Digital health has empowered us to manage and monitor our well-being. At the same time, it has generated new challenges for health care organizations that care about data security and privacy.
Continuous shift to cloud computing, digital patient records, cumbersome regulatory requirements, and need for real time communication between patients, providers and payers, put a spotlight on data security. Tackling the issue of data security involves understanding applicable threats, aligning appropriate layers of defense and continual monitoring of activity logs. Let’s look at the 10 ways which may help alleviate some of the challenges that a healthcare organization faces :
Classifying any given data into confidential, internal, and public categories could help in protecting and release of data. To protect the confidentiality of patients, the data owners must satisfy two opposing objectives: the privacy of individuals and usability of released data.Clear classification provides criteria by which employees can decide whether they should be sharing information with a partner organization or not.Only public information should be permitted to be accessed by outsiders.
Data breaches could cost the healthcare industry as a whole $6 billion each year, according to a Ponemon Institute report. Therefore, any PHI data that is being stored, whether on your desktop, on a server or in the cloud, should be encrypted. Encryption obscures your data, making it unintelligible to anyone who doesn’t have the key to decrypt it. Encryption should be end-to end, at least 128-bit, and the key should not be stored on the server.
Without multi-factor authentication, any hacker can access your data easily. No single password, after all, can protect your data sufficiently. Apart from providing a password, there should be additional levels of security such as the use of biometrics for verification of individuals. Security measures should be both logical (authorization, authentication, encryption and passwords) and physical (restricted access and locks on server, storage and networking cabinets) . One time passkeys, which are used by banking services, can also provide additional security.
According to a Healthcare Insights Study, clinicians use an average of 6.4 different mobile devices in a day, highlighting the need for file transfer security across all smartphones, tablets and devices. Within the past year, 78% of healthcare organization breaches were due to web-borne malware attacks. Since the data is being stored on a cloud and can be hacked, it is necessary to know who sent and accessed files, when and where were the files accessed, and the status of each download. By tracking and validating file-share activities, one can find out whether PHI has been compromised.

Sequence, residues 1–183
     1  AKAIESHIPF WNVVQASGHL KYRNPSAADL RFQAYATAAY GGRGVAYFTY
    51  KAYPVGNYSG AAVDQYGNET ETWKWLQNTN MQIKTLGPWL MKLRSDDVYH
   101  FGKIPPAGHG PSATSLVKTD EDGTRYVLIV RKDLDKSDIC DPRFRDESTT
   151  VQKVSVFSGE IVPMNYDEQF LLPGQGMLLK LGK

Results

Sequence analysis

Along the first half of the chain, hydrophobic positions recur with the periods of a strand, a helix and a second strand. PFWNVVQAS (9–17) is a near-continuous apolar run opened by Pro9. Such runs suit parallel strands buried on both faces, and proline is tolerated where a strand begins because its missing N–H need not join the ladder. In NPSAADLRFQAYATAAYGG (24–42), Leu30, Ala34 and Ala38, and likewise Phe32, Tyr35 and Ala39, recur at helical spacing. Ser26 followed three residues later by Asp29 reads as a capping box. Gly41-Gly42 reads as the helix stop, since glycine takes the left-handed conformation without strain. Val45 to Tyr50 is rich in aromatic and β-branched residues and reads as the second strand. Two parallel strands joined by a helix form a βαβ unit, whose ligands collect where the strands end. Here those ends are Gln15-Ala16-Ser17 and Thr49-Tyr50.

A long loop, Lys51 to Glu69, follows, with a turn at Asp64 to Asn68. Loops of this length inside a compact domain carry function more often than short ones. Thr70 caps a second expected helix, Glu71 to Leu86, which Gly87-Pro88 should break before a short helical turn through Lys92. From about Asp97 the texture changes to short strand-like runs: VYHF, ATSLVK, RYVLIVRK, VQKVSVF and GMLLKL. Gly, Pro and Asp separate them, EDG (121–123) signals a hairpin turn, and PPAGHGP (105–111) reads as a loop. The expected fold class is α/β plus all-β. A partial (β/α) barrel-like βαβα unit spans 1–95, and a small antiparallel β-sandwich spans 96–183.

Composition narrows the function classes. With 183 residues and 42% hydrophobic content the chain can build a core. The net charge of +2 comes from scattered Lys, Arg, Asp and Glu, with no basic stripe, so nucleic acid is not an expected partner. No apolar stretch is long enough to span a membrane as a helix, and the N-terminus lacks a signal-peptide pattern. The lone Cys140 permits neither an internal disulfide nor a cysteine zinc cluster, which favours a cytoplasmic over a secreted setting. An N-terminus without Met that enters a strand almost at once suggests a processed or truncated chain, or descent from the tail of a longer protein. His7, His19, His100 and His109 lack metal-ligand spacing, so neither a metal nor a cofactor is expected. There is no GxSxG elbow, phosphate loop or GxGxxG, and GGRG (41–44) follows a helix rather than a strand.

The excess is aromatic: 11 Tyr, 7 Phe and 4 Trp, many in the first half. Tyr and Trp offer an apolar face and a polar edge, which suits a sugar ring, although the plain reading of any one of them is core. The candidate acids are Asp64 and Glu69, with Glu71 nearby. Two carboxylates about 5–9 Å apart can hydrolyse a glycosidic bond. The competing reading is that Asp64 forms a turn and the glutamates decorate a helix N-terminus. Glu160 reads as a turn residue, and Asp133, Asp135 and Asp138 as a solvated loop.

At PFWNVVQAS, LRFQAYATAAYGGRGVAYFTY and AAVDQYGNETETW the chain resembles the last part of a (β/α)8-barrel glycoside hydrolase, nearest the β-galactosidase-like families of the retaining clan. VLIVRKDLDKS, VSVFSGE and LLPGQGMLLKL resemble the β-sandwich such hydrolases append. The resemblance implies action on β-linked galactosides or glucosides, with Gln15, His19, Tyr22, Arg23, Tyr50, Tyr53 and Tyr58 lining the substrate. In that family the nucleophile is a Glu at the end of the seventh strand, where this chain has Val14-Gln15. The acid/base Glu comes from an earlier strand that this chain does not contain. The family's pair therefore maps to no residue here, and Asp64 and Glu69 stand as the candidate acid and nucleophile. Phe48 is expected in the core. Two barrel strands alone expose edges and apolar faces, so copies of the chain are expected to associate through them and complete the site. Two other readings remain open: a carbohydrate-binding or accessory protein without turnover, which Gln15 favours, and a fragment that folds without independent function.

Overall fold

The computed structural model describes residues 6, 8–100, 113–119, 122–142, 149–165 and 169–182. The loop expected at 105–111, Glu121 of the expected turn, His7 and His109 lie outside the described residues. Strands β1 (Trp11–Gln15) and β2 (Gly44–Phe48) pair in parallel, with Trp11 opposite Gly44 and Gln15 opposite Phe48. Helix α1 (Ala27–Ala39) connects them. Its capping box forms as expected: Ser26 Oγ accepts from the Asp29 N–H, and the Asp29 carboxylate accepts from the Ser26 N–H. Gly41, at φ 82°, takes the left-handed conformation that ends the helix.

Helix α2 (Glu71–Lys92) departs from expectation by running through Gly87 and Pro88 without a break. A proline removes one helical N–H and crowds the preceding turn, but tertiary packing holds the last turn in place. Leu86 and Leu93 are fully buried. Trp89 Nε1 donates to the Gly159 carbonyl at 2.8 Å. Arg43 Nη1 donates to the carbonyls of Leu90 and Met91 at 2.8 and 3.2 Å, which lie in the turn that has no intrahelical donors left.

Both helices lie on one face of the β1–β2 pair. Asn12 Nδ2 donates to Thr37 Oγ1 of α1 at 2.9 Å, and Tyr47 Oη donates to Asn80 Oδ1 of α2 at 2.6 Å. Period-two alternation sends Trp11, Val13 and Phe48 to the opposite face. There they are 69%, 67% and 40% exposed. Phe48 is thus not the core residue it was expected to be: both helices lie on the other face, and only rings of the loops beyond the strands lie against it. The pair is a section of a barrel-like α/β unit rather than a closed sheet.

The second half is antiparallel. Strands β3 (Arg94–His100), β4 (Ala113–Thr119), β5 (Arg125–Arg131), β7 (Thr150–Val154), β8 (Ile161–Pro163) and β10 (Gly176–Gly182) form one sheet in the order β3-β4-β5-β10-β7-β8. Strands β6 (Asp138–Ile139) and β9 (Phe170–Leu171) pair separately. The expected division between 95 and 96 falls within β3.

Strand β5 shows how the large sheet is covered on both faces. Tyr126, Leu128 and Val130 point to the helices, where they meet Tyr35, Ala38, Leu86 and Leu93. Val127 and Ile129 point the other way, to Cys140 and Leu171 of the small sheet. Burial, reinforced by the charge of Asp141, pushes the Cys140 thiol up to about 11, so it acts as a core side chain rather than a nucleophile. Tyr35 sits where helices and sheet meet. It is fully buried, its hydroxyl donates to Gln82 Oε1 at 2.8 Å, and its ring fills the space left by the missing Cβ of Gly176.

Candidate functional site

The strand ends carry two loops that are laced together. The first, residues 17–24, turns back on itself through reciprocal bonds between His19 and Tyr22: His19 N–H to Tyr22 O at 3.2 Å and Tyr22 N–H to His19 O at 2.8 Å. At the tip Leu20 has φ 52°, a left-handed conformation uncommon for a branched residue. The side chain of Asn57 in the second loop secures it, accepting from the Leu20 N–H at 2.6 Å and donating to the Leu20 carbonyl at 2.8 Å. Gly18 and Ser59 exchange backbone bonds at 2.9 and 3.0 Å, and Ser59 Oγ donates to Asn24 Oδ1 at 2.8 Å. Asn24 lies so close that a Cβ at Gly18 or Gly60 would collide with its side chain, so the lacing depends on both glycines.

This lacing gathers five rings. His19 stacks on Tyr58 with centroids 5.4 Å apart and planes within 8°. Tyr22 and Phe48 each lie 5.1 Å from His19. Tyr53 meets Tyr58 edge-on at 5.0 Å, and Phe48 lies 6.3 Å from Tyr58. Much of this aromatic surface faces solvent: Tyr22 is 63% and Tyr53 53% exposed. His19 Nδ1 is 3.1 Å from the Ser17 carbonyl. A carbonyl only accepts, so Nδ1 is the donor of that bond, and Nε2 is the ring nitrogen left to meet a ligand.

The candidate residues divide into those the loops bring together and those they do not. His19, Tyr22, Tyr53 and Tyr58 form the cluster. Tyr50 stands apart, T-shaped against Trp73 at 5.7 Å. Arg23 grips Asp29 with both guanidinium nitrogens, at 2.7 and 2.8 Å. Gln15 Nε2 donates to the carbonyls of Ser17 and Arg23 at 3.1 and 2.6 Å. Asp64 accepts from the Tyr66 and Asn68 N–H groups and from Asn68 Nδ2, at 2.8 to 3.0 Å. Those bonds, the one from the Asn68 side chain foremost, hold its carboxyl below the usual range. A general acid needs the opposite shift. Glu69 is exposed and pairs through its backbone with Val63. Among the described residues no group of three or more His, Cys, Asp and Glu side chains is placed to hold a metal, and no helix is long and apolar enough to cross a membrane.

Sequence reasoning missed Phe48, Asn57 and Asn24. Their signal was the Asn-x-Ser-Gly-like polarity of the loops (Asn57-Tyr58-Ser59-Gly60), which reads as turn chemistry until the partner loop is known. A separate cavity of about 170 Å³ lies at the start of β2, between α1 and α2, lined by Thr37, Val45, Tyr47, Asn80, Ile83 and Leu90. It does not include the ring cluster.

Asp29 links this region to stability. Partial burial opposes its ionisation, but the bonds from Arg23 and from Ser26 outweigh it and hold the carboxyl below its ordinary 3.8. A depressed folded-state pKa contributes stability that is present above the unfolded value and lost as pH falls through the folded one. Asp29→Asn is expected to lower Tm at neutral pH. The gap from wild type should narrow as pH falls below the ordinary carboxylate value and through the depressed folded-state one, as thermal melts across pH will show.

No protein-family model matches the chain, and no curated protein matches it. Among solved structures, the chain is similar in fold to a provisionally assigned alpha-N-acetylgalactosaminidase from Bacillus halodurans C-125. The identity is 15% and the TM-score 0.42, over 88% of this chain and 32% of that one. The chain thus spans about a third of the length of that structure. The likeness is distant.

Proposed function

For promoting effective communications with patients and other external institutes, healthcare organization should enable employees to share information with their peers over a monitored and secure platform.This ensures tighter control over PHI and discourages use of open and public file sharing services(i.e. Dropbox, Google Docs) to share data.
Electronic devices and/or paper records should not be left unattended. More often than not, data breaches occur due to theft of such items from a home, an office or a vehicle. While it is IT’s job to safeguard patient information, employees should be reminded to do their part in keeping data safe as well. All USB drives, external hardwares should again be encrypted. There can also be a list of approved IP addresses to control where devices and applications can be used.
A person or an organization should know about data centers, who all have access, any clause in the back-end service along with the individual’s rights and assurances by law of the land. The end user should also be well aware of the data stored, its location, and who else can access that data.
Unintentional data leakage is mainly caused by insiders who may not be aware of the risks. This includes, for example, putting sensitive files on an external platform such as Dropbox, emailing it to a personal account,etc. Entire staff and not just the IT Department should be trained and monitored for any non-compliance and educated to avoid any future errors.
Lay down ground rules for HIPAA compliance, including a mutual obligation to encrypt any shared PHI, and ensure that the business associate can’t pass PHI from patients on to subcontractors without a person’s approval.
The threat from hackers has the potential to ruin the healthcare industry, and the risk is ever increasing. Personal health records are high value targets for cyber criminals as they can be exploited for identify theft, insurance fraud, stolen prescriptions, and dangerous hoaxes. A quarterly or yearly test schedule should be conducted so that the organization can compare results and see what has been fixed, what has not been fixed, and to look into the newer vulnerabilities that may have arisen.
Healthcare firms must strengthen their security guidelines and comply with data privacy requirements. What is needed to begin with is an inventory of protected data, along with the proper record of where the data originated, and to whom it was forwarded. Doctors and hospitals need to strike a balance between being able to access and share critical patient data while also keeping electronic health records secure. Even as it is necessary to create awareness among individuals, if health care organizations truly care about data security and privacy, they need to invest money and time in emerging technologies.
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